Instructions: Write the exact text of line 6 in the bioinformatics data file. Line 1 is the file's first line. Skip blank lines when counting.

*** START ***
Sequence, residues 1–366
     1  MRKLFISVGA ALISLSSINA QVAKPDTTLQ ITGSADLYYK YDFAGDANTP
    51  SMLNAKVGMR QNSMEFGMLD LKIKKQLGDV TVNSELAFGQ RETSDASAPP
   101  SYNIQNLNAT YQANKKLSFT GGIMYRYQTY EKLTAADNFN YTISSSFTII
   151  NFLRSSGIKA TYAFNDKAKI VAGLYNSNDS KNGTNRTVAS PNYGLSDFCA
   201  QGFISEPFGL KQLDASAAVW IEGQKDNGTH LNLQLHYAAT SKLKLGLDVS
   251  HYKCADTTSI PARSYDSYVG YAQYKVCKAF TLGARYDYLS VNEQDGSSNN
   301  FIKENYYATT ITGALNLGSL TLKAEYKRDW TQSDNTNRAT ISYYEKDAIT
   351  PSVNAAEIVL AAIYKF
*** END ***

   201  QGFISEPFGL KQLDASAAVW IEGQKDNGTH LNLQLHYAAT SKLKLGLDVS